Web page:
A recent article on the popular online news site AlterNet delves into the bogus science underlying the lipid hypothesis. It’s nice to see the word starting to spread.
The entire piece is a great read, and I encourage you to read it through. I’ll give a few excerpts just to give you the flavor.
Quoting a famous Canadian report concerning the Framingham Study:
“Dietary saturated fats were not associated with heart disease even after adjusting for other risk factors. Buried deep in the massive number of reports produced from the study is a quote from the investigators saying ” … there is, in short, no suggestion of any relationship between diet and the subsequent development of coronary heart disease in the study group.”
You can find more info on the Framingham Study in earlier posts here and here.
Our friend Gary Taubes is quoted frequently. Here is his take on the firmly entrenched idea that LDL-cholesterol is harmful:
“So how did we come to believe strongly that LDL cholesterol is so bad for us?” he asks. “It was partly due to the observation that eating saturated fat raises LDL cholesterol, and we’ve assumed that saturated fat is bad for us. This logic is circular, though: saturated fat is bad because it raises LDL cholesterol, and LDL cholesterol is bad because it is the thing that saturated fat raises.” Yet, he points out, “in clinical trials, researchers have been unable to generate compelling evidence that saturated fat in the diet causes heart disease.
Don’t think that the American Heart Association (AHA) truly has your interests at heart in waging its misguided war on cholesterol. Just as with all wars, there are profits to be made by some. In the war on cholesterol it is the AHA that is both escalatating the war AND profiting from it.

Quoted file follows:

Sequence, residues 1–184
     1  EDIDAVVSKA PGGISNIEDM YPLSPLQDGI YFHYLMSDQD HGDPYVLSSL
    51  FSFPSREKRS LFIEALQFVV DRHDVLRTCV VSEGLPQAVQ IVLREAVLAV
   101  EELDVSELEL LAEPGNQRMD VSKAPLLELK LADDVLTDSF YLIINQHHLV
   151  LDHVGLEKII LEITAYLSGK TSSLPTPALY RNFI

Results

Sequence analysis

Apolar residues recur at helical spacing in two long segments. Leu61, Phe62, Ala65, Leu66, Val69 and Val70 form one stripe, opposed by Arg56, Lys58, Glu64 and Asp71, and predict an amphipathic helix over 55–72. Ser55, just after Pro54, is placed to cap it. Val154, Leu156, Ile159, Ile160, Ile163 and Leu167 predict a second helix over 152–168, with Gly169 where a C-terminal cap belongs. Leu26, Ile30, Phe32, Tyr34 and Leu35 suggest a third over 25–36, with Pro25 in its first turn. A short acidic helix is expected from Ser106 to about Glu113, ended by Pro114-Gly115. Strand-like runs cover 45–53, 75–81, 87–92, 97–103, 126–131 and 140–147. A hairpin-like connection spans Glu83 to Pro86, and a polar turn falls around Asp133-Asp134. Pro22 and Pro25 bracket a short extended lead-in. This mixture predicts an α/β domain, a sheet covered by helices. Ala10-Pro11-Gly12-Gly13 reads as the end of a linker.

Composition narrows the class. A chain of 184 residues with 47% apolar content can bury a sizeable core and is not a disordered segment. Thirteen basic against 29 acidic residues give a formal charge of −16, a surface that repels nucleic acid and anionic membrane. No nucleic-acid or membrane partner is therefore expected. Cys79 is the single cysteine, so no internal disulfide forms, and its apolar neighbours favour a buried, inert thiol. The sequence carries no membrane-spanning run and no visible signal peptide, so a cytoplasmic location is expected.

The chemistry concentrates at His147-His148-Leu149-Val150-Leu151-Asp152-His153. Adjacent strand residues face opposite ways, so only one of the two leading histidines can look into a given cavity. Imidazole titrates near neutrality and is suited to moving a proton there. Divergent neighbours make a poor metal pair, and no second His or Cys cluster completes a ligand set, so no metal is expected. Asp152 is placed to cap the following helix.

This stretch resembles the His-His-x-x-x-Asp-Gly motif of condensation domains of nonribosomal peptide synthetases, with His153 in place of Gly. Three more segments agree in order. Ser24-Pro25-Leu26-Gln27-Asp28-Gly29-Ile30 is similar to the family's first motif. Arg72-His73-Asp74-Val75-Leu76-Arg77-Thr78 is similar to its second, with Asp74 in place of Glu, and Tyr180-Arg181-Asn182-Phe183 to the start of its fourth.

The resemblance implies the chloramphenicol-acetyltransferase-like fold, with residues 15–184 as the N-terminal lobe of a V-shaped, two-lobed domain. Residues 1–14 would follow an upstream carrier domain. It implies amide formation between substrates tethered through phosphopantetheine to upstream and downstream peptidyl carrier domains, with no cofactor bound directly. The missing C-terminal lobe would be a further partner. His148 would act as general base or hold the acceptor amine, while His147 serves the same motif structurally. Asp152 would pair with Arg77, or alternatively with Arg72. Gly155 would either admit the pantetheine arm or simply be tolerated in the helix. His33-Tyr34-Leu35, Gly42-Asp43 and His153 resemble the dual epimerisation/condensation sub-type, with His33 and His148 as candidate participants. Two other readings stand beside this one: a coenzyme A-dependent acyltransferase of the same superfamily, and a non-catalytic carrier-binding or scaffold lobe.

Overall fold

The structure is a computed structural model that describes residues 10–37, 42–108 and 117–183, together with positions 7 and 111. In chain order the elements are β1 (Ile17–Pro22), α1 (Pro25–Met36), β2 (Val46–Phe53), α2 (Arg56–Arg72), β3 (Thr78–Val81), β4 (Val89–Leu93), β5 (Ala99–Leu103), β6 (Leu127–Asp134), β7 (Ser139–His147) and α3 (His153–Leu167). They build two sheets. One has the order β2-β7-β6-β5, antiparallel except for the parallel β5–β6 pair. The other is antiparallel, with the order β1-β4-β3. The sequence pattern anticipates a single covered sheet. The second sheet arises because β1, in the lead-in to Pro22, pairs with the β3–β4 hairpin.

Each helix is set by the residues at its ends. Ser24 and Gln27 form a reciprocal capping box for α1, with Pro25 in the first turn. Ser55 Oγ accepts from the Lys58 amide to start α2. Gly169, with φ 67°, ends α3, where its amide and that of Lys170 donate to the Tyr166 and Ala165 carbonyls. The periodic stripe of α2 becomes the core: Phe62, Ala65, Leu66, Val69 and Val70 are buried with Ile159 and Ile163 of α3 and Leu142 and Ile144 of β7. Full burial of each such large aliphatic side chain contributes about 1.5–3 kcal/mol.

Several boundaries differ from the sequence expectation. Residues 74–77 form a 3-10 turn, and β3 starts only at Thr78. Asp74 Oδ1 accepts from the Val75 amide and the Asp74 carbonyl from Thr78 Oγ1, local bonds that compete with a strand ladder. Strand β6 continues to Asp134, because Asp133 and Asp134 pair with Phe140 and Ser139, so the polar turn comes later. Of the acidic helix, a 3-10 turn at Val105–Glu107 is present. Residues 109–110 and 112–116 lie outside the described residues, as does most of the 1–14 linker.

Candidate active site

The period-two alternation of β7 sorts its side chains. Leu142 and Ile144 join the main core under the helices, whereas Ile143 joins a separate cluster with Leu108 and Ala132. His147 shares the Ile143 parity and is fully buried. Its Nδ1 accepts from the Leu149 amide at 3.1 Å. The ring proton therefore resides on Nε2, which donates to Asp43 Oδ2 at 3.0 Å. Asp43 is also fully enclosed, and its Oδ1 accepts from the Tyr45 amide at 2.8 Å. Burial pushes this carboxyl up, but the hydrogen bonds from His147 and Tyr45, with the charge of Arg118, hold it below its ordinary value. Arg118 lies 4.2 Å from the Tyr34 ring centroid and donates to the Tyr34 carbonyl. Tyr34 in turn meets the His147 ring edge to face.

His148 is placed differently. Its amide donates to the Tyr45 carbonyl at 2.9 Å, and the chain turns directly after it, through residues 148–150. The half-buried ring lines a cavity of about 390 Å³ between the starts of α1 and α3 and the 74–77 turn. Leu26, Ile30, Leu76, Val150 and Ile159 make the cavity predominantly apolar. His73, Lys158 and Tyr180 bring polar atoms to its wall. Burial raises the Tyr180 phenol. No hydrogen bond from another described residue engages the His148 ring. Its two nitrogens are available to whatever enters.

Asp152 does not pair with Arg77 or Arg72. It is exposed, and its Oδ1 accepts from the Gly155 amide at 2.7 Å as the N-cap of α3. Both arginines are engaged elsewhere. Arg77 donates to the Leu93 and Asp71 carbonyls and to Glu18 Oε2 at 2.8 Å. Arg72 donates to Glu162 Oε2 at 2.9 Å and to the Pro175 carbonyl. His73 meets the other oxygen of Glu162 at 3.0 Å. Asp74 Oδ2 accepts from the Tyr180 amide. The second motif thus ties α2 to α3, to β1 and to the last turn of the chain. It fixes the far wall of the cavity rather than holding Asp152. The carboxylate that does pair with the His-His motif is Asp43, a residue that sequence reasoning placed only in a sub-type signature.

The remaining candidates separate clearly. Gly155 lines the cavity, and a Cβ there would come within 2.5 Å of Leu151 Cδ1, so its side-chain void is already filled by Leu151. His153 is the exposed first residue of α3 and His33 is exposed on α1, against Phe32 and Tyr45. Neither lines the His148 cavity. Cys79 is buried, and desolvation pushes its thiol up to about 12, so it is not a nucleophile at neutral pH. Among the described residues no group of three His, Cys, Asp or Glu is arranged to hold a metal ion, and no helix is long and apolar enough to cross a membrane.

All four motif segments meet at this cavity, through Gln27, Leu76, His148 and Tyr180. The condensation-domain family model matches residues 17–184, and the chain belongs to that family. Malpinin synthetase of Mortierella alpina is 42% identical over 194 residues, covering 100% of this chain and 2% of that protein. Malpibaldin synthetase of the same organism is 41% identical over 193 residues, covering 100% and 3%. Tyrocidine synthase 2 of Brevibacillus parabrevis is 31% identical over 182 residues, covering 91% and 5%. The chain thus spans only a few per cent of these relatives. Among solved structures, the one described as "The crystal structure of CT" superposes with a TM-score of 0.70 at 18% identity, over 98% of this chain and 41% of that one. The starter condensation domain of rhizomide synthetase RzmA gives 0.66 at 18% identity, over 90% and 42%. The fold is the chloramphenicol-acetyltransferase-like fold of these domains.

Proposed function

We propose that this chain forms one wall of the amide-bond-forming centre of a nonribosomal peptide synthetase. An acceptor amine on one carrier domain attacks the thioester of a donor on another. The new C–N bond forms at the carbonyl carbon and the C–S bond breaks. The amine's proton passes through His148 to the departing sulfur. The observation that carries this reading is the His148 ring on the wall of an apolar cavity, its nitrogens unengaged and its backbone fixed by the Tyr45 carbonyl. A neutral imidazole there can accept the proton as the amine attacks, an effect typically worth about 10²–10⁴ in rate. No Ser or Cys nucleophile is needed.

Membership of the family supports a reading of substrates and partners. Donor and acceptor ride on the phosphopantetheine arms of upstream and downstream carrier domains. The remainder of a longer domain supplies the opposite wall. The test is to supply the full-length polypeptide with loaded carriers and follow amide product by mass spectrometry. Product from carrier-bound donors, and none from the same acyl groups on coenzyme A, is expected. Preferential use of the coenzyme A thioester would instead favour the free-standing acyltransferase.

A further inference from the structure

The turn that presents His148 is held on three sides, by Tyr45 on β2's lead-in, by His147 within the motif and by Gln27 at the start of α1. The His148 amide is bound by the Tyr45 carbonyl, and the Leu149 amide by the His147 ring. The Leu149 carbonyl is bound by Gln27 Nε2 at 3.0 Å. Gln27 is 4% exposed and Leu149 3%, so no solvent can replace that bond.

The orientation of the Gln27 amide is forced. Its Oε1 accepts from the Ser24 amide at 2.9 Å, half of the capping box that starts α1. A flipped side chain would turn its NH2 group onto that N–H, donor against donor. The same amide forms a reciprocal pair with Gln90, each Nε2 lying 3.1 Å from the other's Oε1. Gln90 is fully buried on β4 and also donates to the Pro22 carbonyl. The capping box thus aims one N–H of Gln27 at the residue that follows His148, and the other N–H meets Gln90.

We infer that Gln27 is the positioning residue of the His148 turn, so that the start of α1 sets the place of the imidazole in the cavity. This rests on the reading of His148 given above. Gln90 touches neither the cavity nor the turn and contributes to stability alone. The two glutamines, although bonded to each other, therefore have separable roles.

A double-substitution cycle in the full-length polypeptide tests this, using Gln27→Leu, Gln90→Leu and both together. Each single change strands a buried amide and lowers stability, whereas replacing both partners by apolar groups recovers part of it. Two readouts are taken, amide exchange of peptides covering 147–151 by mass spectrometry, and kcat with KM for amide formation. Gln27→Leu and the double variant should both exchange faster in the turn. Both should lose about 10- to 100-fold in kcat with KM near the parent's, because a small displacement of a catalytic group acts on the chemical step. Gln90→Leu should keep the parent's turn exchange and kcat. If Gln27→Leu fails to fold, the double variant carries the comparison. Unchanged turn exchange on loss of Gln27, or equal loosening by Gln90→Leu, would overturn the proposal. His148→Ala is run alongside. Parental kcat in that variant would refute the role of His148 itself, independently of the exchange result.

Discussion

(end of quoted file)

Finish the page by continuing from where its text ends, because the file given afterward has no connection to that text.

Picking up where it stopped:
You’ve probably seen the AHA’s “heart check” logo on numerous food products. No surprise, they don’t give them out for free. Food manufacturers pay a first-year fee of $7,500 per product, with subsequent renewals priced at $4,500 according to Steve Milloy, a biostatician, lawyer and adjunct scholar at the conservative Cato Institute, who posted about this on “junk science” in 2001.
“There’s gold in the AHA’s credibility,” Milloy observed. “Several hundred products now carry the heart-check logo. You do the math. Adding insult to injury, consumers pay up for the more expensive brands that can afford to dance with the AHA. Pricey Tropicana grapefruit juice is ‘heart healthy’ but supermarket bargain brand grapefruit juice isn’t?”
Anyone with good sense realizes, of course, that these “heart check” logos don’t do squat to help anyone reduce the risk of heart disease. There are other things the AHA could do that would doubtless have a bigger impact, but wouldn’t bring money into the AHA coffers.
“According to US research,” the report adds, “high cholesterol in women is not a statistically significant risk factor for sudden cardiac death. On the other hand, smoking is one of the most important predictors of sudden cardiac death in women.” Which makes one wonder: Why doesn’t the American Heart Association start a television campaign to try to persuade more women and girls to stop smoking?
Let’s hope we see a lot more reporting like this AlterNet piece in the future. Constant chipping can wear away the biggest stone, but it will take a lot to wear this one down because of the money involved.
Despite widespread skepticism about statins and cholesterol, don’t expect the controversy to end anytime soon. There is just too much money and too much political muscle supporting the theory that 18 million Americans should be on statins.
World-wide sales of $33 billion is a very big rock indeed. But if we just keep chipping…
Hat tip to Elizabeth Miller for sending me the article.